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Summary:

The on-again, off-again rumor of an LTE iPhone is likely to remain off for the rest of 2011, according to the latest from DigiTimes, which reports yield rates of Qualcomm LTE chips as the problem. Of course, the real problem remains a lack of coverage.

Verizon wants to ensure you can hear people in ten years.

Verizon LTE Coverage

The on-again, mostly off-again rumor of an LTE iPhone is likely to remain off for the rest of 2011, at least according to the latest from DigiTimes. Citing “industry sources,” DigiTimes reports, “problems concerning yield rates of LTE chips offered by Qualcomm” is the latest issue with an LTE iPhone. Of course, the real problem remains a lack of coverage.

Despite Verizon’s attempt at obfuscation in the chart above, the only U.S. carrier with 4G service worth mentioning doesn’t have much to show for LTE so far. Only cities with the yellow circles actually have the service, the green stars being planned for later this year. Not surprisingly, that’s still better than AT&T, which claims “4G” service with its HSPA+ upgrade, with LTE having an “initial” launch sometime this year. That’s important to the prospects of an LTE iPhone, because Apple still sells about a third of its iPhones in the U.S., making it easily the single largest market.

Internationally, the situation is even less favorable for an LTE iPhone, though there is interest, notably in China. Last month, Bloomberg reported Chairman of China Mobile Wang Jianzhou said Steve Jobs had “expressed his interest in an LTE iPhone and is willing to start the development at an early date.” China Mobile is the world’s largest mobile phone provider, with more than 600 million subscribers. China Mobile is currently in the process of large-scale testing of TD-LTE networks in several large cities.

It’s also rumored China Mobile may be getting the next generation of iPhone for its TD-SCDMA network. That makes sense for Apple, as the company has explicitly stated China is a major focus for future growth. However, it’s unlikely LTE networks will reach maturity in China by even the end of 2012, unlike in the U.S. Since coverage should be quite good by 2012, we can very likely expect an LTE iPhone to debut in the U.S. next year. For that reason, the rumored iPhone 4S for this fall will be the first model I pass on. How about you?

  1. What’s the point of LTE if is not true 4G? At this rate I’ll be waiting for the seventh iPhone or one that could operate in TeliaSonera’s data rates, not at ADSL2+ speeds.

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  2. Knowing the tactics of cellphone companies, when the LTE or 4G iPhone comes out, there will be a nice increase to the monthly bill that comes with it. I don’t find the gain of 4G that much important to increase an already high bill. On top of that a lacking coverage from AT&T and the roll out for only major cities, leaves the persons on medium markets not so impressed with the idea…at least myself. It may not be a great idea for Apple to jump on the 4G wagon yet, for the price increase for a monthly bill, may warn off current and/or future buyers of the iPhone.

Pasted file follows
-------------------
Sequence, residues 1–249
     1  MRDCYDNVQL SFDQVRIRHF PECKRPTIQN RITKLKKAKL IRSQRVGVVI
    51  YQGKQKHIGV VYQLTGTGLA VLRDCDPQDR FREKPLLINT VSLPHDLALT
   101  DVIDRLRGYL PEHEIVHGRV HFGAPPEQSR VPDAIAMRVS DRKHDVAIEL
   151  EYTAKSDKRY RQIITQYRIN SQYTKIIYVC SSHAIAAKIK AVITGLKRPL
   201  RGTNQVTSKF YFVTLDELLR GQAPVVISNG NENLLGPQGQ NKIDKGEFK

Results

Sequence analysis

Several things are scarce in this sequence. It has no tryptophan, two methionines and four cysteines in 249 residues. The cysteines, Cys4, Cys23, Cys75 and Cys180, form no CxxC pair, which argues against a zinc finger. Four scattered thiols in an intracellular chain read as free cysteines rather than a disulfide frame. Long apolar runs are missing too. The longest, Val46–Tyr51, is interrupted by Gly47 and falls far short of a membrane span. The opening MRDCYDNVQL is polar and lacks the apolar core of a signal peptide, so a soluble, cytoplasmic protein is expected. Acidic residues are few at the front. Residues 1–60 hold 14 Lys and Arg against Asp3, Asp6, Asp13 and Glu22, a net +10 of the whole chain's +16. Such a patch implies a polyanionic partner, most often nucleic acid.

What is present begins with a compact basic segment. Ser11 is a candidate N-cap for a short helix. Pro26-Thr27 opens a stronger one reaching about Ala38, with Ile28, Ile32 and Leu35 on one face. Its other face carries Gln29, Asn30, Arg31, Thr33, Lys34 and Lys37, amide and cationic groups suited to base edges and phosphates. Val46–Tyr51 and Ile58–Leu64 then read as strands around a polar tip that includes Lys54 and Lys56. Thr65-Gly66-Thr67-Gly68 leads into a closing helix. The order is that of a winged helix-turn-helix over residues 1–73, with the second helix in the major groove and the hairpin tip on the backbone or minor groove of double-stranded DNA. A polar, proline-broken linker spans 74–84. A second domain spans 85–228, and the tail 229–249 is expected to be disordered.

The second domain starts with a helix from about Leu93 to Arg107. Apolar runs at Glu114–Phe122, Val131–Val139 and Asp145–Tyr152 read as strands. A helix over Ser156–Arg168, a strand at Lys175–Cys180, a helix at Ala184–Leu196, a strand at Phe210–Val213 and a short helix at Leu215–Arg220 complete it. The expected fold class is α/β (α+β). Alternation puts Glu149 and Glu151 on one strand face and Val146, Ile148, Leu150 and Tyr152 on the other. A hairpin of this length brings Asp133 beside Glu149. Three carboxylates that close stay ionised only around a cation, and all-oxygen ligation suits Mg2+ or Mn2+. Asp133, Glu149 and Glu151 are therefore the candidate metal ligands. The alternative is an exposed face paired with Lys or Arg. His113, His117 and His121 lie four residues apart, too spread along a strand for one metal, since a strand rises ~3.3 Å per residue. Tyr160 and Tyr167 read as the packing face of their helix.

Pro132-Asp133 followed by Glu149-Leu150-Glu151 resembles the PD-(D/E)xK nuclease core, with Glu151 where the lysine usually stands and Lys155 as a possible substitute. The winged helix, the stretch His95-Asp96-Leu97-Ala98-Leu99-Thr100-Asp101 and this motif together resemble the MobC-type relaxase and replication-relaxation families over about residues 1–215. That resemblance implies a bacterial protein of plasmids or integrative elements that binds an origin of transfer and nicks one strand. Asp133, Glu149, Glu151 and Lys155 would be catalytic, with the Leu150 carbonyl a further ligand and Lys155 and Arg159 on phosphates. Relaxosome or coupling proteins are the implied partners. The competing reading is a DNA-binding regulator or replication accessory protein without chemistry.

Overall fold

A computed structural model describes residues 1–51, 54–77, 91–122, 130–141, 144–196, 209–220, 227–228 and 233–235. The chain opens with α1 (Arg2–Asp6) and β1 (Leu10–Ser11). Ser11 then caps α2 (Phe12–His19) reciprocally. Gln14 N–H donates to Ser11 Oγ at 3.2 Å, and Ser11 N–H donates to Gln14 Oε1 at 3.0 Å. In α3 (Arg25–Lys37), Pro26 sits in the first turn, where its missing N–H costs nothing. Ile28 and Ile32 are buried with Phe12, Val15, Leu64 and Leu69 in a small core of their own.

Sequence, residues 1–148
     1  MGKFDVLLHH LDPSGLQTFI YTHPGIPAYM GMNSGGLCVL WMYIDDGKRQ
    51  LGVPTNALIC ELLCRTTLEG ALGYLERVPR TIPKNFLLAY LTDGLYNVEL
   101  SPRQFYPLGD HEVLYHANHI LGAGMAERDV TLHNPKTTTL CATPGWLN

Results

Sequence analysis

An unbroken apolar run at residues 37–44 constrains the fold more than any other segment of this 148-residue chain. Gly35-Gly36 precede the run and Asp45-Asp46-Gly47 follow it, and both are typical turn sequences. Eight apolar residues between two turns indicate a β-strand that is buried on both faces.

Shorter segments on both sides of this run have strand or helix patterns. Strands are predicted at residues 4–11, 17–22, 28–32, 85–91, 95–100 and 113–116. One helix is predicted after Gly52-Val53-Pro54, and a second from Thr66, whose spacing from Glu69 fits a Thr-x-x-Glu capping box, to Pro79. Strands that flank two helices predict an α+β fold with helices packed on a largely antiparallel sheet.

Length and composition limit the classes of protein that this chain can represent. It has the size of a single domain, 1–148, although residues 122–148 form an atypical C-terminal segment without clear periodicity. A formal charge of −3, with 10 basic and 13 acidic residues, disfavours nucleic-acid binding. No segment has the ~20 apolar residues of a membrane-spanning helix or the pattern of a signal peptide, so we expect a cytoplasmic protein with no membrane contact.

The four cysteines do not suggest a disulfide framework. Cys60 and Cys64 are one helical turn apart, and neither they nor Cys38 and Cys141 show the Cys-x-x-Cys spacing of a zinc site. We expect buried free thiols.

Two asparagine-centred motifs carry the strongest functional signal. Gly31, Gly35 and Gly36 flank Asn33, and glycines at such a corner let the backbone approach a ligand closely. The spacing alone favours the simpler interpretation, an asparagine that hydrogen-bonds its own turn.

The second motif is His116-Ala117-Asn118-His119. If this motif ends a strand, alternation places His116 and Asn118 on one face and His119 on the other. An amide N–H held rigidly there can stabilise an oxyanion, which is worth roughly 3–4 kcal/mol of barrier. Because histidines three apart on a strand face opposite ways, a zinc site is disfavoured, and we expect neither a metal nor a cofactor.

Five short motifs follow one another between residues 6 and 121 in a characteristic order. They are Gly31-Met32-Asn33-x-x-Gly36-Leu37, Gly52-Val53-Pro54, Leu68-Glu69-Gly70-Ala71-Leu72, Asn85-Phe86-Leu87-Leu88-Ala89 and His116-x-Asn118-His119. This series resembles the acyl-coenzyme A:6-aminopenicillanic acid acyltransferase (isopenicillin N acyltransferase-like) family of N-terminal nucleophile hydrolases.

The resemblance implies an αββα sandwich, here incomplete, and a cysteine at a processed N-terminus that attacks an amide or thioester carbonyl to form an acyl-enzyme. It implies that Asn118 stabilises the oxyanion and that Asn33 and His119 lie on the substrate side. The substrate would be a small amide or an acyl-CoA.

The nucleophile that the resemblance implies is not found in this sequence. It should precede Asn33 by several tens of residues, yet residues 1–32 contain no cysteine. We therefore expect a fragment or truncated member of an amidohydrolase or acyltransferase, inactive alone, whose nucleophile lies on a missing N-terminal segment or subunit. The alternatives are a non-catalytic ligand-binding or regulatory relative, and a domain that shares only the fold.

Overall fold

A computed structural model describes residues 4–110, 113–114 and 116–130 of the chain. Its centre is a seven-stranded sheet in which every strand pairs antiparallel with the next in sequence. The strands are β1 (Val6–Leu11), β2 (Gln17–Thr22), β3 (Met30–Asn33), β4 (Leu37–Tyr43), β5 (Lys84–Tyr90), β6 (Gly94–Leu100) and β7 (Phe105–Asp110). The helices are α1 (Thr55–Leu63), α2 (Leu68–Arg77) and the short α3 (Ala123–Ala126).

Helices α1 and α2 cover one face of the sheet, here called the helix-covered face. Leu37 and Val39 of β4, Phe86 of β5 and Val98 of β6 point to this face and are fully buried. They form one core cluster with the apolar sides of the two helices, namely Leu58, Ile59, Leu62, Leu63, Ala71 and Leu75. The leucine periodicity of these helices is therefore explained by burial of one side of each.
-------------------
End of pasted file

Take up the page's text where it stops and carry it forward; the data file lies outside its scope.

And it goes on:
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  3. I believe the main reason Apple will probably pass on a 4G LTE iPhone this time around is short battery life, not LTE availability. As I understand, 4G LTE is a battery hog. Until Apple can address that issue, I think the earliest we’ll see a 4G LTE iPhone will be sometime during 2012.

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  4. James Martin Thursday, May 19, 2011

    Best plan would be to get whatever phone you want now and then you don’t have to settle next time your contract is up in 2 years, LTE will be everywhere and you’ll have a wide range of phone options

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  5. “that’s still better than AT&T, which claims “4G” service with its HSPA+ upgrade”

    Why put the HSPA+ “4G” service in quotation marks, but not the LTE “4G”. It’s like you’re implying that LTE is a 4G standard, when it’s quite clearly not.

    ITU-R have said they can be marketed as 4G providing that this leads to speeds of around 1Gbps.

    But we’re nowhere near getting true 4G yet.

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